Note: I didn’t pull this piece together.  It was created by Michael Dickel and is posted here with his permission.  Michael’s most recent poetry collection, the chapbook War Surrounds Us (Is a Rose Press, 2015), is a moving collection, a cry for peace as is this feature.  My piece, The Poet As Witness: “War Surrounds Us,” an interview with American-Israeli Poet Michael Dickel, is HERE. J.D.

Using a Wikipedia list, even with all of its faults, provides a sobering view of terror in the world. The countries listed below were the sites of at least one and often several terror attacks in the last (almost) three years. Some of those attacks resulted only in injuries, most caused one or more death—victims and / or perpetrators. Many attacks killed dozens of people. A few, one-hundred or more. Not all of the perpetrators are from Islamic groups—many come from other “political, religious, or ideological” motivations. According to the Wikipedia site, the list of attacks that I used to find the countries:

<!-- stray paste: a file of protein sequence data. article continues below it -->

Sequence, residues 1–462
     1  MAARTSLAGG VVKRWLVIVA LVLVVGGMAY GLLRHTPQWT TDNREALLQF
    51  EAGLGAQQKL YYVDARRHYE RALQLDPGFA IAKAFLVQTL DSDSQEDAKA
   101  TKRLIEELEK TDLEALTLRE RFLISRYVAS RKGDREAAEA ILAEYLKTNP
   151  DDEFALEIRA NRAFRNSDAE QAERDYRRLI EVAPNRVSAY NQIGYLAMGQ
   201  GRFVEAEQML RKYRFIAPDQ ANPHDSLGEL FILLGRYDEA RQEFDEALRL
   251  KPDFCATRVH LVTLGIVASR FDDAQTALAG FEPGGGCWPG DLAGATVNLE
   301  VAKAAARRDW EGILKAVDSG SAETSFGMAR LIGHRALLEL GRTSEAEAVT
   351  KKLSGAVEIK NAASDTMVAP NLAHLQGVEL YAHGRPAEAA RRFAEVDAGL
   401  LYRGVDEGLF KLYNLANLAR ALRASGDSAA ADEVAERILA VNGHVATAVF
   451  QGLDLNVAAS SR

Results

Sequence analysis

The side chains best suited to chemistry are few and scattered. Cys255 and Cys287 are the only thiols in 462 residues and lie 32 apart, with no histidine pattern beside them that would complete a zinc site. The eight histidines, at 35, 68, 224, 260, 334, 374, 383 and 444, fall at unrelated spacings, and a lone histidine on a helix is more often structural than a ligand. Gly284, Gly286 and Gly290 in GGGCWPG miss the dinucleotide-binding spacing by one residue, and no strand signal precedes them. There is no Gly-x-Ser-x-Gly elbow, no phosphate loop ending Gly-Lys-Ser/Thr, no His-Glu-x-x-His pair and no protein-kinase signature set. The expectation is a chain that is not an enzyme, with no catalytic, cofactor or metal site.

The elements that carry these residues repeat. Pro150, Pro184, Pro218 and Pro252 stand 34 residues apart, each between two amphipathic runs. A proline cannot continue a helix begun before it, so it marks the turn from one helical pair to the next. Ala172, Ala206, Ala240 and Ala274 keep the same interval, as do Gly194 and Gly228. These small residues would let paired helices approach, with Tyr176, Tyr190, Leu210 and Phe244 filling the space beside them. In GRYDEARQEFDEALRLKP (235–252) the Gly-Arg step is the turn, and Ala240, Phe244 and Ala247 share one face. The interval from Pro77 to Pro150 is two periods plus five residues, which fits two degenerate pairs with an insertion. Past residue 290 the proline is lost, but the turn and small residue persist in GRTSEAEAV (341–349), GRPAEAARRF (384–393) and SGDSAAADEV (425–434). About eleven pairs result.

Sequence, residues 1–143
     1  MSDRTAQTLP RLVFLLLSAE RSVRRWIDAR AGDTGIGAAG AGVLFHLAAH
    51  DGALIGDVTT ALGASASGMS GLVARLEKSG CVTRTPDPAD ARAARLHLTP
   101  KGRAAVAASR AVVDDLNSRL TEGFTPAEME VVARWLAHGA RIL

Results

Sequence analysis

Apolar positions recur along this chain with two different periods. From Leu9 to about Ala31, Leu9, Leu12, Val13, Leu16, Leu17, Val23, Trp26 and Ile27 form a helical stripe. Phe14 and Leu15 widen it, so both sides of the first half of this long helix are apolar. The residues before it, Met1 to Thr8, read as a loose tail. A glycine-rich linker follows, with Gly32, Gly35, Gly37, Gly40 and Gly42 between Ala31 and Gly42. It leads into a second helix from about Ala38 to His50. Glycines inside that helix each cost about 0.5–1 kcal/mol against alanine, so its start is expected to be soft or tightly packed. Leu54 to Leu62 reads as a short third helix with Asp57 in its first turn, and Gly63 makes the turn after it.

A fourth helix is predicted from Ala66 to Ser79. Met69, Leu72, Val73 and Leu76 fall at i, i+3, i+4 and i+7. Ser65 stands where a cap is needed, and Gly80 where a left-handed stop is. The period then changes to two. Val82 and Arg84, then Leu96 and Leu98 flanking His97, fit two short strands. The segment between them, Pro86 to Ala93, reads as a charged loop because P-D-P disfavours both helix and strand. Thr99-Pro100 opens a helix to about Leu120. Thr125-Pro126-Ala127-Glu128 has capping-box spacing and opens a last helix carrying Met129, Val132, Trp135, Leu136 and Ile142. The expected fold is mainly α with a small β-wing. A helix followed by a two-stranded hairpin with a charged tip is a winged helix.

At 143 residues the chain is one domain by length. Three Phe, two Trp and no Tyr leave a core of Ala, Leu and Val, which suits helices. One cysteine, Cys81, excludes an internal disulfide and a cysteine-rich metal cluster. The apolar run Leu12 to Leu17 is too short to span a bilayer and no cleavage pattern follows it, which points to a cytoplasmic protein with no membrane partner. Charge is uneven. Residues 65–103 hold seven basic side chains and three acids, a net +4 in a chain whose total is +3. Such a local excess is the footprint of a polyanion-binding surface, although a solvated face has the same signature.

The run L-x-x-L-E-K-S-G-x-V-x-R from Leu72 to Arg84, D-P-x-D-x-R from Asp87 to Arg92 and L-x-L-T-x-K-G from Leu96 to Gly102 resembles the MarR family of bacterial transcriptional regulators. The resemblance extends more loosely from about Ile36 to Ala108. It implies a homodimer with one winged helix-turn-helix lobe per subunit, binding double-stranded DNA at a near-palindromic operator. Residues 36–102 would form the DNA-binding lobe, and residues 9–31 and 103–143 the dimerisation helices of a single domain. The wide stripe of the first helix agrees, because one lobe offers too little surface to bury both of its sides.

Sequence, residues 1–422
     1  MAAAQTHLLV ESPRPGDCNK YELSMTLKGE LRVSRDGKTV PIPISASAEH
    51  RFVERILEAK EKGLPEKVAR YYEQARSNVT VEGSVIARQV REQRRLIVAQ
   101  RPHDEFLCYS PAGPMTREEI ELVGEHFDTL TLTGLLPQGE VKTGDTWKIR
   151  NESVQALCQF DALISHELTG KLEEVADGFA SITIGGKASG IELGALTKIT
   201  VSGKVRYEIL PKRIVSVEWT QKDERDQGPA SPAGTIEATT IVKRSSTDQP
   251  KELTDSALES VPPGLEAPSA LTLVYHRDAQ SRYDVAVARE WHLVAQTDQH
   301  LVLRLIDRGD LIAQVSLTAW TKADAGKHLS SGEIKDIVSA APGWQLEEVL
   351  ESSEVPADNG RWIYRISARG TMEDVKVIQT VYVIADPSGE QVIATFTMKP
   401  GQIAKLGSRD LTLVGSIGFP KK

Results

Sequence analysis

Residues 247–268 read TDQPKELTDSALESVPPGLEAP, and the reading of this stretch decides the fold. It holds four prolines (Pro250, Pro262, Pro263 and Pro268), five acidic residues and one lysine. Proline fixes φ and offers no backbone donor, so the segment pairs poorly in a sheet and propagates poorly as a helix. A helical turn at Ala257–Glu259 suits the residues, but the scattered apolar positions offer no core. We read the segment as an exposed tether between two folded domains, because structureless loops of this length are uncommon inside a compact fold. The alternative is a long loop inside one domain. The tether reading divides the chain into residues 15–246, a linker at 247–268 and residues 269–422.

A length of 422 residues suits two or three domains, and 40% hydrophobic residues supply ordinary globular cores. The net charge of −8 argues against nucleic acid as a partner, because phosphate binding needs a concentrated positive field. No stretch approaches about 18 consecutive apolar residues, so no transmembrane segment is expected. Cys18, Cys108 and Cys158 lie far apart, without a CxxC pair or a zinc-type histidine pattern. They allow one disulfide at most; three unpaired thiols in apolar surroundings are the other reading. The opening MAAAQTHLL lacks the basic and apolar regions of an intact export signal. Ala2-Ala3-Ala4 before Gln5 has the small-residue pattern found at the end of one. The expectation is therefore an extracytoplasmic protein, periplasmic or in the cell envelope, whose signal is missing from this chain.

…is a list of non-state terrorist incidents that have not been carried out by a state or its forces (see state terrorism and state-sponsored terrorism). Assassinations are listed at List of assassinated people.

Definitions of terrorism vary, so incidents listed here are restricted to those that:

              • are not approved by the legitimate authority of a recognized state
              • are illegally perpetrated against people or property
              • are done to further political, religious, or ideological objectives